Johanna Martzy

Temesvár, 26 October 1924 – Rüschlikon, 13 August 1979
Martzy Johanna (Fotó: Laterveen Czuk Józsa tulajdona)
Martzy Johanna
(Fotó: Laterveen Czuk
Józsa tulajdona)
Johanna Martzy began learning the violin at the age of six; by thirteen she appeared at a public concert in Budapest. It is difficult to give a precise picture of her studies in the Hungarian capital. Most sources give 1932-1942 as the period when she studied at the Music Academy; elsewhere, however, it is stated that "she was already Jenő Hubay's pupil when at the age of ten she started attending the Music Academy". The name of Johanna Martzy appears on the list of Music Academy students only for the academic year 1938/39 – though already as a third year student – as Ferenc Gábriel's pupil. The legend, probably not without foundation, according to which Hubay, hearing the eight-year-old child prodigy play, predicted a future for her as one of the best violinists in the world, seems to validate the date of 1932 as the year when they met (and when her studies with him began), even if these were not within the official framework of the Academy. Later the direction of her studies was taken over by Gábriel, who had also been Hubay's pupil.
The successes of the "official" Music Academy years validated Hubay's prediction. In the 1939/40 academic year Martzy won one of the hundred pengő rewards of the Jenő Hubay Society, as well as the Reményi Prize (a Reményi master violin), and in the 1941-42 academic year, together with the artist diploma issued by the state, the capital's 200 pengő Jenő Hubay grant – i.e. the "real" Hubay Prize. By 1943 she appeared with the Budapest Philharmonic Society Orchestra under Willem Mengelberg.
In 1947 - as the first and to this day only female winner – she won first prize at the Geneva international competition, after which she went on a highly successful European tour. She left Hungary permanently in 1948, settling in Glarus in Switzerland. Thereafter the Hungarian audience could hear only news of her world success. Her much applauded debut in Great Britain in 1953 led to a whole series of tours in the next decade or so. Her first appearances in America in 1957 similarly generated a flood of new invitations; she also appeared in the most important concert venues in Africa and Australia. She regularly appeared with the best orchestras and conductors, such as Georg Solti, Eugene Ormándy, Otto Klemperer, Igor Markevitch, Paul Kletzky and Ernest Ansermet. Besides this, she also gained a name as a chamber musician, particularly at the time of her cooperation with the excellent Dutch pianist,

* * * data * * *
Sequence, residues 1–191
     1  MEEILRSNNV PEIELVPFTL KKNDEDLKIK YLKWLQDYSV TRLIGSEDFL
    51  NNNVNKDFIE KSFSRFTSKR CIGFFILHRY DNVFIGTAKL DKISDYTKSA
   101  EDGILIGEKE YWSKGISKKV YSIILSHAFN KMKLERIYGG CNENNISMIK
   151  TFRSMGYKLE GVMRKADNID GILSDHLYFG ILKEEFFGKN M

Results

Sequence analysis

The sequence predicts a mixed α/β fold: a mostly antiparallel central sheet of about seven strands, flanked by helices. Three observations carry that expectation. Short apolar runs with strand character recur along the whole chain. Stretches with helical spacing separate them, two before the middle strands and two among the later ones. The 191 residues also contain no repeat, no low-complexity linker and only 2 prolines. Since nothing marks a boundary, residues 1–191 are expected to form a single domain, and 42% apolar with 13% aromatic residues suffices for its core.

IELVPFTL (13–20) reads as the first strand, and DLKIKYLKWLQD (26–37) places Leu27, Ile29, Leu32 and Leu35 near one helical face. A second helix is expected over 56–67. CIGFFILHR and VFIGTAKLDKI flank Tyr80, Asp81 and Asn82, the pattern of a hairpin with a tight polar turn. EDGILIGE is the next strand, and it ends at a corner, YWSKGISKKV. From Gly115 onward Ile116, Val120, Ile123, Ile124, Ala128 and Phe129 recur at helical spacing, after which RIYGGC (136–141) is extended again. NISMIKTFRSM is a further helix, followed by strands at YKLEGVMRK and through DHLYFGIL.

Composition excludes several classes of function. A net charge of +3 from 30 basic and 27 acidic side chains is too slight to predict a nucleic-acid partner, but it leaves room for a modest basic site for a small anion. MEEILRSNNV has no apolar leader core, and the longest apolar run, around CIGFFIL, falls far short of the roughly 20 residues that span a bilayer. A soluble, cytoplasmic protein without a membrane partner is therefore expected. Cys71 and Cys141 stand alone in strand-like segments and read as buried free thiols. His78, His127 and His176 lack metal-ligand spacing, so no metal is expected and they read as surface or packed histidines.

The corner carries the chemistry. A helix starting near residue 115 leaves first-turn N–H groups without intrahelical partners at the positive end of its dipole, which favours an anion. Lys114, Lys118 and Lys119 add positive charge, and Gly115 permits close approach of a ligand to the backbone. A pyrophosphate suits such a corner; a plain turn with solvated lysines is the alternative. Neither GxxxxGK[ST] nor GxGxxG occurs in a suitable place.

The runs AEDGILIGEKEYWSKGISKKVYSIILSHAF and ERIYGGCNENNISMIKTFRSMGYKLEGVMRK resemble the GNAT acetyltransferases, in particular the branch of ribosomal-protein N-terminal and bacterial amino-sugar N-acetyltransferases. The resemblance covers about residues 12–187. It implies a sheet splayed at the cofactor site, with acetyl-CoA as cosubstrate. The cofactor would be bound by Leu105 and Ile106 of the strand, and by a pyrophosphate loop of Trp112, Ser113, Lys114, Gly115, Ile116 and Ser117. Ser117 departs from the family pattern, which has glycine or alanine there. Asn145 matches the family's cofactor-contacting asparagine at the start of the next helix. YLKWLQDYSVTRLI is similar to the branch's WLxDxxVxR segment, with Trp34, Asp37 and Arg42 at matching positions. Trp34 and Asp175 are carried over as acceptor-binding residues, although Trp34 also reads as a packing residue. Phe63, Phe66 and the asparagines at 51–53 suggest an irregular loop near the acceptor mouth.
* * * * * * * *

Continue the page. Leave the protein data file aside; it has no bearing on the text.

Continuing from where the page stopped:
Jean Antonietti. She came to Budapest in November, 1969, with her new post-1966 permanent partner, István Hajdú, but after that, in the seventies, she accepted fewer and fewer invitations to perform. By the time of her death on 13 August 1979, at the age of only fifty-five, she had been living for a long time in complete retirement in her home in Glarus.
Fortunately, there are many recordings of her performances. The critics regard as her most outstanding performances the 1954/55 recording of Bach solo sonatas and partitas, particularly the D minor chaconne, but the Dvorák concert recorded with the participation of Ferenc Fricsay and the RIAS Symphony Orchestra also counted over the decades as the authoritative recording of that work. Martzy carried on the best traditions of the Hungarian school of violin playing. In the evaluations of foreign experts we can read everywhere of her "passionate tone", "her forward-driving rhythm", and the "brilliant flexibility of her technique". In her hands, Bronislaw Huberman's (according to other sources Jenő Hubay's) Stradivari found a worthy master.
B. M.


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